Hibs in 50 objects: No.20 – the story of Harry Swan

Harry Swan
Harry Swan
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Harry Swan was not only Hibs’ guiding light for 30 years, but one of Scottish football’s greatest thinkers and innovators, a legislator and a visionary far ahead of his time.

Among the many predictions he would make before they ultimately came to pass were competitive European football, shirt sponsorship, the introduction of floodlights, all-seated stadiums and reconstruction of the leagues.

Pic Greg Macvean - 19/12/2014 - Hibernian / Hibs 100 items from the Historical Trust.  David Hardie has full list of items - 40

Pic Greg Macvean - 19/12/2014 - Hibernian / Hibs 100 items from the Historical Trust. David Hardie has full list of items - 40

Never afraid to speak his mind, Swan resigned less than a year after being elected to the board of directors at a time when there were genuine concerns regarding Hibs’ very survival, accusing his fellow directors of failing to match his ambitions for the club.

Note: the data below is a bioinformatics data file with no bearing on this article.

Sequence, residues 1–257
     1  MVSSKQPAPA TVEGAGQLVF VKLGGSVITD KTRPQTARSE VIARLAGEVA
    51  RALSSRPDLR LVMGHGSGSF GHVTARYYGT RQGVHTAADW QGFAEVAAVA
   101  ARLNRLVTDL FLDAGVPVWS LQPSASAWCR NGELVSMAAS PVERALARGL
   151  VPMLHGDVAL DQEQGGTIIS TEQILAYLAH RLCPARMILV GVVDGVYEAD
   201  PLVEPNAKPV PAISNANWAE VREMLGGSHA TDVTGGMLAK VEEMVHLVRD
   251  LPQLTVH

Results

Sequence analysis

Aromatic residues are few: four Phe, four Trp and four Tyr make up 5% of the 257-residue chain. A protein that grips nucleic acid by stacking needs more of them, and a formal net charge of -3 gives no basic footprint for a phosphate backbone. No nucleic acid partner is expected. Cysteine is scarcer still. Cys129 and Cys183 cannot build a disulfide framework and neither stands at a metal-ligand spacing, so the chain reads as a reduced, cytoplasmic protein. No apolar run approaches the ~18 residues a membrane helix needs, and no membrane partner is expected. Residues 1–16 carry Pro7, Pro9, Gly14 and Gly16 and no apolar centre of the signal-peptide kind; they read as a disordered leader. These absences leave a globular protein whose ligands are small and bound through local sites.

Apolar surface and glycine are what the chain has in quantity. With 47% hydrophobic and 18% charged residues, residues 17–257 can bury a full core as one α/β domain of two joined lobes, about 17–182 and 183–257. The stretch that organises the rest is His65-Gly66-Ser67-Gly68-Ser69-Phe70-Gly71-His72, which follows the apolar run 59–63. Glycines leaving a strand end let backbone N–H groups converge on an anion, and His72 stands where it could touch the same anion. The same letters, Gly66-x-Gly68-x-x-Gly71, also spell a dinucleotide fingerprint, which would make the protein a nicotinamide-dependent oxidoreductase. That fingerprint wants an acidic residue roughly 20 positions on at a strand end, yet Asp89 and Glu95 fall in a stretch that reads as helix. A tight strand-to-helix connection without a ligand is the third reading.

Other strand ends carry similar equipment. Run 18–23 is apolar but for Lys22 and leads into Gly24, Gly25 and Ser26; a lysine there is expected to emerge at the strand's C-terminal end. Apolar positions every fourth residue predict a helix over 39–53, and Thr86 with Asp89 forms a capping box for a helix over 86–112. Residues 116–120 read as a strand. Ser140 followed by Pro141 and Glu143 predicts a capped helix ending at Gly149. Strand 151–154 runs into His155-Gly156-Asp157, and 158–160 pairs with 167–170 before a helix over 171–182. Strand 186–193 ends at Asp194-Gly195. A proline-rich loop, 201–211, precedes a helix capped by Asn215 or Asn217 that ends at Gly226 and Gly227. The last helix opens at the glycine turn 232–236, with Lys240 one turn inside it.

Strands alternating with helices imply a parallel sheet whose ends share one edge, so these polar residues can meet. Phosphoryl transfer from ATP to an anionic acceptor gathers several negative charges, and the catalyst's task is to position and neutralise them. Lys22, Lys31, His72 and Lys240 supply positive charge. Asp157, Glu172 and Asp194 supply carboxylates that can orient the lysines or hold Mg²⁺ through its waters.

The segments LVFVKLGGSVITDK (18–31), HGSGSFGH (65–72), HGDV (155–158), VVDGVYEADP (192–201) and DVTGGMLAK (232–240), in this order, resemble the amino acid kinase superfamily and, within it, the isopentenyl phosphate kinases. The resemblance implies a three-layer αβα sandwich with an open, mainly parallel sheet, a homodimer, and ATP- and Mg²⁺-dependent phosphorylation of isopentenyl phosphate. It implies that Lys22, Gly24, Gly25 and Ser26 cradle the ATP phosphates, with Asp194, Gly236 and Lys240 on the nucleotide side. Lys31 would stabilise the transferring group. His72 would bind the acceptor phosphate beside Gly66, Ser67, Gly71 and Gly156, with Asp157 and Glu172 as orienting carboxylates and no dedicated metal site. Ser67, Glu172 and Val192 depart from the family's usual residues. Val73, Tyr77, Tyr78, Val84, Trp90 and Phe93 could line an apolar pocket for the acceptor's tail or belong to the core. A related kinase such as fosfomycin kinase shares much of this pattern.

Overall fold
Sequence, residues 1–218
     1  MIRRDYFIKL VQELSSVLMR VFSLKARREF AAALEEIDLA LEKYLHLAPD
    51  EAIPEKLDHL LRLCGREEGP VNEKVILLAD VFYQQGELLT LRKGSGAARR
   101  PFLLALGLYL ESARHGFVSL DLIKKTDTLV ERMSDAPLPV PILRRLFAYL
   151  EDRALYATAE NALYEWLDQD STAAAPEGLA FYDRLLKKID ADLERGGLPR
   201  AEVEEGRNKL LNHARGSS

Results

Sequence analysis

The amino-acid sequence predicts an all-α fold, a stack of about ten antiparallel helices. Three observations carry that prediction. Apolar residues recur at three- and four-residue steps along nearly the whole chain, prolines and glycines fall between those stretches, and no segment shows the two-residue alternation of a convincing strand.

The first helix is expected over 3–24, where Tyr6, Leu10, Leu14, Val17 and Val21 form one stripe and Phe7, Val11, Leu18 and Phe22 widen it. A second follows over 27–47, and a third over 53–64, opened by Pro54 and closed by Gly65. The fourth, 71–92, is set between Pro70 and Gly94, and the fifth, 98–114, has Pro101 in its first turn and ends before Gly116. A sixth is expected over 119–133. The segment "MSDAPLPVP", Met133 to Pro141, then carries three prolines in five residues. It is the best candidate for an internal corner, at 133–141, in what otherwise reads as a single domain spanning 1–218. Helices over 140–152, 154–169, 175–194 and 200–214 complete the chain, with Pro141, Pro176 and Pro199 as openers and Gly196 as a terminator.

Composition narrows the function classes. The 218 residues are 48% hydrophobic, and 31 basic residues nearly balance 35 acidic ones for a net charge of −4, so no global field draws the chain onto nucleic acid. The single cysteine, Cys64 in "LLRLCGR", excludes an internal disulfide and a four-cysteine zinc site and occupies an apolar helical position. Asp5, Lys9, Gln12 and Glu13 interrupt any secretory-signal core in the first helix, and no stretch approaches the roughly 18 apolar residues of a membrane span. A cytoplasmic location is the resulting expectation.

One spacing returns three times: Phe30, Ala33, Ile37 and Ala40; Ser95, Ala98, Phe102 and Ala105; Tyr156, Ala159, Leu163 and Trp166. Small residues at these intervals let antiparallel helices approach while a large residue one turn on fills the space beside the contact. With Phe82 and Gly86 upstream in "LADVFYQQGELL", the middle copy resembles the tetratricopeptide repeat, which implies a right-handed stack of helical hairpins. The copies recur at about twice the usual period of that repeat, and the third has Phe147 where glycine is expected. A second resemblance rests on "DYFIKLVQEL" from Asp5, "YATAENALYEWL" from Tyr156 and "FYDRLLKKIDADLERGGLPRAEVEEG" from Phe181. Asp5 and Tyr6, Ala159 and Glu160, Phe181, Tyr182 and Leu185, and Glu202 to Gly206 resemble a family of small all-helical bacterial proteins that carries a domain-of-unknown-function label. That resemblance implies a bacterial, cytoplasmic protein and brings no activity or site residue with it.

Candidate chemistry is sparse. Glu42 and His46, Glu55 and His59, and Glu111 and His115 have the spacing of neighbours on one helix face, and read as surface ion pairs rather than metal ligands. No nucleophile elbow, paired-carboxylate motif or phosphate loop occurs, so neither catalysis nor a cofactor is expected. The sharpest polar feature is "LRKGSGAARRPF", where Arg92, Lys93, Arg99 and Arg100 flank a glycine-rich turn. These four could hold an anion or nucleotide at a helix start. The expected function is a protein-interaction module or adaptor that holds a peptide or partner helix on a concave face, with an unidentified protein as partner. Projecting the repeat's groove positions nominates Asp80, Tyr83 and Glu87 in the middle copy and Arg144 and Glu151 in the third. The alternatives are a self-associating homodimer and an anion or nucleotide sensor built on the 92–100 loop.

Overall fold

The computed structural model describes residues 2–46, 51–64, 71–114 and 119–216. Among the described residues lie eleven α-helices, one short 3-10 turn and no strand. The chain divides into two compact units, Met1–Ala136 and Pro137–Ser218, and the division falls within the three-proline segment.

However, the following year he was again elected to the board, but this time as chairman, inheriting a team that was in the doldrums, narrowly avoiding relegation into the Second Division but in typical style making what was thought to be both a bold and rash statement: “Give me ten years and I’ll make Hibs great.”

The Second World War meant his prediction was out by a few years, but Hibs did burst into the forefront of Scottish football in the golden post war years, managed by Willie McCartney, the former Hearts manager who was persuaded to move to Easter Road.

Led by the Famous Five, Hibs would win three League Championships in a five year period and become Britain’s first entrants into competitive European football in 1955.

Unsurprisingly, Swan held various offices within the game and was president of the SFA from 1954-56, his badge accompanied here by his SFA committee medal (1940), East of Scotland committee badge and a brooch presented to directors’ wives after Hibs League triumph of 1947-48.

Swan had also been the owner of Littlejohns, a well-known bakery in the city centre, and among his footballing memorabilia is a medal awarded for “best gateaux” in 1923.

But for a man of such vision it seemed incredible he should fail to see the short-term implications of selling prolific striker Joe Baker to Torino in instead of granting the modest wage increase that would have kept him at Easter Road.

In 1963 Swan sold his shares to William Harrower, a local bookmaker, but remained a lifelong director of the club in recognition of the service he had given Hibs. He died in 1965.